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Various Artists: The Bombay Connection: Funk from Bollywood Action Thrillers 1977-1984


Various Artists: The Bombay Connection: Funk from Bollywood Action Thrillers 1977-1984

Label:Bombay Connection
Format:Album
Media:CD
Release Date:2006
Genre:Ethnic/World

By Sam Hopkins | Posted 1/31/2007

While exploring the amorphous amalgam that is "world music," people often overlook elements in the music that belong as much to a specific time as to a specific place. That's not the case with Bombay Connection, a new CD series of Indian film music compiled by Dutch crate digger Edo Bouman. The first two discs are devoted to the sounds of two related, but divergent, cinematic eras. Funk From Bollywood Action Thrillers is a showcase for the sensibilities of prolific composer duos like the brothers Kalyanji and Anandji Shah. Kalyanji-Anandji scores have been featured on previous Bollywood groove compilations such as Bombay the Hard Way, but the snazzy booklets that accompany Bollywood Connection give you a greater insight into the influence of Western action hits like Dirty Harry on their Indian counterparts.

This is pure brownsploitation, with jive turkeys and renegade cops playing off each other in a sort of Sweet Sweetback's Badass Bhangra. Moody and Moog-y, the tabla-driven "Na Na Na Yeh Kya Karne Lage Ho (No No No, What Are You Trying to Do?)" was used on-screen in Bombay 405 Miles to distract a gang of crooks searching for the singing vixen Zeenat Aman. As in today's Bollywood movies, English quips such as "Come back, please don't leave me!" are occasionally interspersed with the music, giving it that subcontinental spice. Bouman and his Indian partner Anand Tharaney have included not only the soundtracks but also Technicolor screen shots, fantastic matte background paintings, and lyrics, with transliteration from the Hindi alongside the English translation.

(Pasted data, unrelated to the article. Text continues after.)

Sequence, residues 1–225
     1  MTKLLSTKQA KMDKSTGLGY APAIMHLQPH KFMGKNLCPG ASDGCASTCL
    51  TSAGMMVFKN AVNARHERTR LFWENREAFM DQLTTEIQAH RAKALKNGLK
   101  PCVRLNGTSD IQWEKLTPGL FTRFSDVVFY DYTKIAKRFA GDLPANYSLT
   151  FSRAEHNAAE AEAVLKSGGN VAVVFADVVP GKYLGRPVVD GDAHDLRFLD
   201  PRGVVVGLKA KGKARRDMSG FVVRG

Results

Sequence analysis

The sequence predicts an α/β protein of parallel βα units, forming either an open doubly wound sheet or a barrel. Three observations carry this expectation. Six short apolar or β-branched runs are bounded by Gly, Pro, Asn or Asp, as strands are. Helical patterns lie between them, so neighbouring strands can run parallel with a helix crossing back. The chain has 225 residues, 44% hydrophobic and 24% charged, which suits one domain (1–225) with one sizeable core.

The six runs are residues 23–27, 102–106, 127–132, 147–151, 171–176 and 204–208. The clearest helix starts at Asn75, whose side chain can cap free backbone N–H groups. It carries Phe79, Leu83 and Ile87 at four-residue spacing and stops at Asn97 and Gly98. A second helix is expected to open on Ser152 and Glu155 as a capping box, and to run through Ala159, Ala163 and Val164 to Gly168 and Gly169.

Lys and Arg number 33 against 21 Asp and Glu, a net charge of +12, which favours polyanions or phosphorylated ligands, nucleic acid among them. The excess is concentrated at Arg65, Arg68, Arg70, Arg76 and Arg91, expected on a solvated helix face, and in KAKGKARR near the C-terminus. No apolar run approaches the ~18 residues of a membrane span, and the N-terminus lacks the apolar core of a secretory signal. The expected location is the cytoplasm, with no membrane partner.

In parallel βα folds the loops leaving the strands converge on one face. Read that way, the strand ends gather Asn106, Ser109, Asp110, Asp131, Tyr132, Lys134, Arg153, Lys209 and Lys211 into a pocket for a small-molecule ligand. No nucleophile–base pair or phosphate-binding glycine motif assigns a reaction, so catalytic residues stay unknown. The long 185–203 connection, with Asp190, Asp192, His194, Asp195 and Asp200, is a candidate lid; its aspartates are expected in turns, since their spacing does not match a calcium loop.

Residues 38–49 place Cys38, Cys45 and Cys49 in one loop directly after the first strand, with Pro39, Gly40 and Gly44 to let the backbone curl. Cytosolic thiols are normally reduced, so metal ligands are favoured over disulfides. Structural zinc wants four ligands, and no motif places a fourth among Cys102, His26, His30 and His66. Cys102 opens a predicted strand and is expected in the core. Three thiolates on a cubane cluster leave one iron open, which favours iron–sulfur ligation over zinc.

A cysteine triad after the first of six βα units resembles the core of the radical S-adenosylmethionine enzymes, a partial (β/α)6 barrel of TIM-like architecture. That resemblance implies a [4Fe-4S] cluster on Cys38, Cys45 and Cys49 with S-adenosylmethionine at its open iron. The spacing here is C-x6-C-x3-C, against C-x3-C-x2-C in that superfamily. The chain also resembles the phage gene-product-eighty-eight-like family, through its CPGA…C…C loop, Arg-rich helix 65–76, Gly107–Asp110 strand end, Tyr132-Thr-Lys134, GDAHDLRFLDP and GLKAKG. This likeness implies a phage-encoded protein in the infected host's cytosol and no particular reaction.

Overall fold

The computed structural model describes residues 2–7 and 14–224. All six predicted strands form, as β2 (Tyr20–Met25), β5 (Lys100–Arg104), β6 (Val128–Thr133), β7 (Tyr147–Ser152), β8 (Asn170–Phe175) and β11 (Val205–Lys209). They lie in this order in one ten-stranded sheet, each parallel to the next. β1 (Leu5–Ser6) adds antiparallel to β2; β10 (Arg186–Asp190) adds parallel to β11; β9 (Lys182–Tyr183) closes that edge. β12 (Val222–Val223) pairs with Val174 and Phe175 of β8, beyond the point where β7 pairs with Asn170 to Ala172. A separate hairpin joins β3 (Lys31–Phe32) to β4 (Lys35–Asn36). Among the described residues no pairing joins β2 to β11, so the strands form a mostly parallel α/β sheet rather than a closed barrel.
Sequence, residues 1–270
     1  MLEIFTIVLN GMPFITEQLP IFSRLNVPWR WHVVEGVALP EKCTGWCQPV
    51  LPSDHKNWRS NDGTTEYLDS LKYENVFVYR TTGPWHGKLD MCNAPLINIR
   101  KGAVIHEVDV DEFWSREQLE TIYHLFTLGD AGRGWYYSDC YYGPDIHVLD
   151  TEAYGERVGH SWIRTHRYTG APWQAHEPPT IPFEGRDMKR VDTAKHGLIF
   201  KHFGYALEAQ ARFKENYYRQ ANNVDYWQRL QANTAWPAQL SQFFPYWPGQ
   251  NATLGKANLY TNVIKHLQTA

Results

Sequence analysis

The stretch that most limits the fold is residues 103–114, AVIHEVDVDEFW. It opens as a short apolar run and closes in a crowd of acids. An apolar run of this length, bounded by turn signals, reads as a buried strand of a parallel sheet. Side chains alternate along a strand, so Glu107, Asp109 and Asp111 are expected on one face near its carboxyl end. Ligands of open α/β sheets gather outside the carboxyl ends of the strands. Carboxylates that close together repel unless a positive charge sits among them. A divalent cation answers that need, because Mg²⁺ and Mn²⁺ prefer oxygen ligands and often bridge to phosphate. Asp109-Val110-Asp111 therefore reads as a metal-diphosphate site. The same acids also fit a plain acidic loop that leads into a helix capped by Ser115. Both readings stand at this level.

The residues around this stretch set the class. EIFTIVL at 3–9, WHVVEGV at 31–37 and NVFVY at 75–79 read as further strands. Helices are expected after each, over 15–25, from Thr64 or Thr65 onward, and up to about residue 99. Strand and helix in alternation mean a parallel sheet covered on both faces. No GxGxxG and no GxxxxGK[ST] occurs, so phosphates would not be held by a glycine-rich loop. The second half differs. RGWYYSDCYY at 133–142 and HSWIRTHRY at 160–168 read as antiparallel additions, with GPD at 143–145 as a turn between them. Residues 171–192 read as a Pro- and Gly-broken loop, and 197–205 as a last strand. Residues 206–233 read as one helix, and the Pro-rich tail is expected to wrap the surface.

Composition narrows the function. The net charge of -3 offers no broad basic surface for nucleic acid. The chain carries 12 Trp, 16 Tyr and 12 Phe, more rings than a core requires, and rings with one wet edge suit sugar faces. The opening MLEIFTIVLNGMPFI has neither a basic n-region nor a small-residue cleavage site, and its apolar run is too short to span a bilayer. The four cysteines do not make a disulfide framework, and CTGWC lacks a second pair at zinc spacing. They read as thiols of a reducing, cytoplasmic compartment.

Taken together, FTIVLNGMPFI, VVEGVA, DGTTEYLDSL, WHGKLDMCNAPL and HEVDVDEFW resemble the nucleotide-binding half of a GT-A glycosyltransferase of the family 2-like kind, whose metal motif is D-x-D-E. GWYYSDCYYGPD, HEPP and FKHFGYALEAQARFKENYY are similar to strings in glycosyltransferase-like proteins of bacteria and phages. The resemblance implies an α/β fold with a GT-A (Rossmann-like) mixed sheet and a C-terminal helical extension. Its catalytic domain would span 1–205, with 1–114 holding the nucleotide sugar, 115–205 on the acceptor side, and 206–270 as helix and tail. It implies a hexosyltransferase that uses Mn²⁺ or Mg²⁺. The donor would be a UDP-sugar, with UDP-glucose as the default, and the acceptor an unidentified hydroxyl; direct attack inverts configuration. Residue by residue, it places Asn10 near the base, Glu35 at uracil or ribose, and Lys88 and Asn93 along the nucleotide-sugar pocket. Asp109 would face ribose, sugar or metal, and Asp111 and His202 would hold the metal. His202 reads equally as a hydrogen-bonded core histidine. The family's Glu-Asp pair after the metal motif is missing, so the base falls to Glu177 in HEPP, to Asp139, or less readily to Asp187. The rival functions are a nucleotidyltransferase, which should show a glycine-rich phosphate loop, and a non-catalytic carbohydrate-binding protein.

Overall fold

The second volume, Bombshell Baby of Bombay, is more go-go than go-get-'em, with bubbly titles such as "Pretty Pretty Priya" set to back dancers clad in capri pants and mop tops instead of bell-bottoms and mutton chops. This earlier strain of Bollywood echoed the likes of Beach Blanket Bingo, so while the music is often smoky and sexy, it's not as intense as that on Action Thrillers. In "1956, 1957, 1958," from the 1959 movie Anari (The Naive One), we get a contribution from Lata Mangeshkar, the legendary chanteuse said to have performed on over 40,000 film scores. Despite the monochromatic tones of the accompanying screen shots, Mangeshkar sings of the bright year to come: "Said the sari to the blouse, whispering low, `Let's run a riot of color!' This is the year of fashion, 1959!" These tracks cover instrumental themes and love songs, upbeat swingers and wah-wah dirges, a mixture of yogic rhythmic breathing and high-hat shuffles, funk guitars and sitars.

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